A Note from Chris Adams: Perhaps you are entering the Christmas season with joy in your heart, and you can’t wait to celebrate the birth of Christ with friends and family. Perhaps you are in a season where you just want the holidays to be over. Most of us have been in both places at some point in our lives. Keeping in mind how if feels to go through the holidays during difficult times helps us to stay sensitive to those around us as well. Read today’s article by Dr. Deb Douglas (First Baptist Church, Bossier City, LA) as she helps us to prepare for our own experience as well as how to help others who are having a blue Christmas this year.
Elvis soulfully sang of a “Blue Christmas” echoing the heartache of a lonely, sad season spent yearning for something more. It’s a more familiar sentiment for many during Christmas.
What makes Christmas blue?
- Whether by choice or not, Christmas is a “together” time in most of our thinking. Being reminded of singleness at every turn can be overwhelmingly lonely.
- Being recently relocated to a new area
- Having a deployed spouse or family member
- Living away from family and friends
- Loss does not always mean death. There’s also the loss of a relationship, loss of a career, job, or financial security, loss of hope, loss of health, loss of companionship, and the loss of a dream. All make for a messy, blue Christmas.
- Physical illness
- Fear can isolate us and keep us from living life. It’s a scary world out there.
- Depression, anxiety, and other such challenges
- Unforgiveness, bitterness, and resentment
- When we are choosing to live with sin ruling our lives, shame and guilt lead us into hiding causing isolation, discontent, and sorrow.
As a child, we sang, “Blue Christmas” with a few extra lines thrown in to turn it into a merrier version. Lines like, “I’ll have a blue, pink, purple polka dotted Christmas without you…” Turning a messy Blue Christmas into a joyful one is not quite so simple, but it is possible.
Ideas for making your own Christmas bright:
- Contentment comes with serving others. The opportunities for service are in every corner of every community! Get out there and serve.
- Pray for joy.
- Keep your eyes focused on Jesus rather than on shopping and how you look for Christmas parties.
- Spend time praying and pondering. Ask God to reveal unconfessed sin, unforgiveness, and areas of bitterness and resentment. Spend time asking for forgiveness and healing.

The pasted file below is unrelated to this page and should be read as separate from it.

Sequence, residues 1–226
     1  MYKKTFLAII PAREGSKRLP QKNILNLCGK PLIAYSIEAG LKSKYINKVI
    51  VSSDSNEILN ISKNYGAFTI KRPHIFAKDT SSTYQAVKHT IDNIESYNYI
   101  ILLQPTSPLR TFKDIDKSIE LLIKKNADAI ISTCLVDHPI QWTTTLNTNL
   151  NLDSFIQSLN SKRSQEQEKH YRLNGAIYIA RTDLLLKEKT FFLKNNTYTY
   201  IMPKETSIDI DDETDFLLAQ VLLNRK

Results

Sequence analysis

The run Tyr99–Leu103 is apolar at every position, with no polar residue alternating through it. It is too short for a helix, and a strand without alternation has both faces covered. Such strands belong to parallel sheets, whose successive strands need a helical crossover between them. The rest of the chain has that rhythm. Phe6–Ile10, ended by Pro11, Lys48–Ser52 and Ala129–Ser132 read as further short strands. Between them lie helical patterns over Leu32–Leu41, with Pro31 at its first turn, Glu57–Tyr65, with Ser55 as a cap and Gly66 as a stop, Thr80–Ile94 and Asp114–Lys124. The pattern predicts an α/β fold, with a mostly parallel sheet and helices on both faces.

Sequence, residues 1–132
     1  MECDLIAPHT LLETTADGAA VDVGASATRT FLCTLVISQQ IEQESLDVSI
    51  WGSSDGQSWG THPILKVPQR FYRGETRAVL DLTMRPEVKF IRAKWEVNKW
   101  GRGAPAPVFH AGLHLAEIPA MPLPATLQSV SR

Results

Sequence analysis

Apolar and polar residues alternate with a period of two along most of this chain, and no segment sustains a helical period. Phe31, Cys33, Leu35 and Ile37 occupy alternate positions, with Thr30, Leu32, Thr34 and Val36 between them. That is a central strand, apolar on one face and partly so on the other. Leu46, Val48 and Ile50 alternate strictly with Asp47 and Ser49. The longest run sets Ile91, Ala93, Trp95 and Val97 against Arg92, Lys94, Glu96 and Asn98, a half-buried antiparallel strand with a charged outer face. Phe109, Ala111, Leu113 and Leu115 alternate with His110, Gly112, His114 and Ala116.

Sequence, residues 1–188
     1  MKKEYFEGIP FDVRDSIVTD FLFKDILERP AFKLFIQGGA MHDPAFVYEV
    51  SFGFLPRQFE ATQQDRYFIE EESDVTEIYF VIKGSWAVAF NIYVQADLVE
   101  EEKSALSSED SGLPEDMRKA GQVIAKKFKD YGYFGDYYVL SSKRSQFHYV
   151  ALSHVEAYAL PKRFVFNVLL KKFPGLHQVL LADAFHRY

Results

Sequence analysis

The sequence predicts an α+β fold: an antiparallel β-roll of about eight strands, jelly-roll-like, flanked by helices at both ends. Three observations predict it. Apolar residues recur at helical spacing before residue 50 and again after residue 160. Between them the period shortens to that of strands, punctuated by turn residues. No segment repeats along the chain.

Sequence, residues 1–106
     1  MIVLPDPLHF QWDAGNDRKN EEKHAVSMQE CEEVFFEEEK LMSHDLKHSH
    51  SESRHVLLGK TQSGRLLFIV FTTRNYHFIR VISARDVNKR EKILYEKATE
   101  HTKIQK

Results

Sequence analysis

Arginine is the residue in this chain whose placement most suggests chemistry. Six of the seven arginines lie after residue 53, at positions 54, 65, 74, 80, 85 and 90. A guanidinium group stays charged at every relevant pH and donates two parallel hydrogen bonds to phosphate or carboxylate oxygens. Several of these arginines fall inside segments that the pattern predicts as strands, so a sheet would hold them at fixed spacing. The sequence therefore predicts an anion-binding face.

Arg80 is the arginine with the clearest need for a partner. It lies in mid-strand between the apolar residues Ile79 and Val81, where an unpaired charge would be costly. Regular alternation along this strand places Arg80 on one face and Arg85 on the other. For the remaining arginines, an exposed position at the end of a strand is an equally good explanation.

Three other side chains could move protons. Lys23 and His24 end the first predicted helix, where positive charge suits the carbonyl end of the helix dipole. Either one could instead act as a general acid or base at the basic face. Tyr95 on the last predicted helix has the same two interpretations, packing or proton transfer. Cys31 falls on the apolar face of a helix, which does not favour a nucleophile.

- Recognize loss and boldly mourn as needed.
- Be honest about depression. Seek professional help. Now.
- Throw out unrealistic expectations. None of us are going to wake up on Christmas morning to a perfect life or even a “normal” one. Christmas is not going to change all the decisions we’ve made, all the hurt that we’ve encountered, or bring back all we have lost. But it can remind us of the gift we have in Jesus. Jesus cares for us, He eagerly waits for us to bring our burdens, our hurts, and our heartaches to Him for healing.
Ideas for making Christmas brighter for others:
- Take time to notice when others are feeling blue.
- Invite people facing a challenging Christmas to join in celebrations, community events, church programs, and parties.
- Invite someone to meet for coffee and conversation.
- Share a gift. It doesn’t have to be something expensive, just a thoughtful gift of love.
- Invite a family facing a blue Christmas to join in with your family traditions. Making cookies? Invite the family of deployed military personnel to join. Serving the homeless? Invite a newly single person to join in. Attending Christmas Eve services? Encourage someone dealing with loss to come along.
My mother was the best at turning a blue Christmas into a merry one. She invited people without family to join in our celebrations even though we were economically challenged. She gave her own Christmas gifts away to people who would not receive any. She made Christmas cookies and candies for homebound people. She recruited others to join in and take gifts to senior citizens living in assisted living facilities. She made Christmas merry for my sisters and I by teaching us how to look beyond ourselves and see the needs of others. Our own messiness diminished as we served others. Joy was the result! Christmas caroling, an odd assortment of people, and the telling of the nativity story made for a perfectly bright Christmas!
For more help and resources on ministering in the messy, check out Women Reaching Women in Crisis and Steps: Gospel-Centered Recovery or refer to the other articles in the Hurting Women or Ministering in the Messy categories.
Dr. Deb Douglas has served in women’s ministry for over 37 years. Now she spends her time working with Purchased Ministry, a ministry to women in the sex trade industry. Deb is also the Director of Biblical Counseling at First Baptist Church, Bossier City, LA. She was the first to graduate from New Orleans Baptist Theological seminary with a Masters degree focusing on women’s ministry and has earned a Doctor of Education in Ministry degree from NOBTS. She is “Pearl” to 3 sweet grand babies, “Mom” to Jared Douglas and Katie Chavis, and wife/sweetheart to Paul Douglas.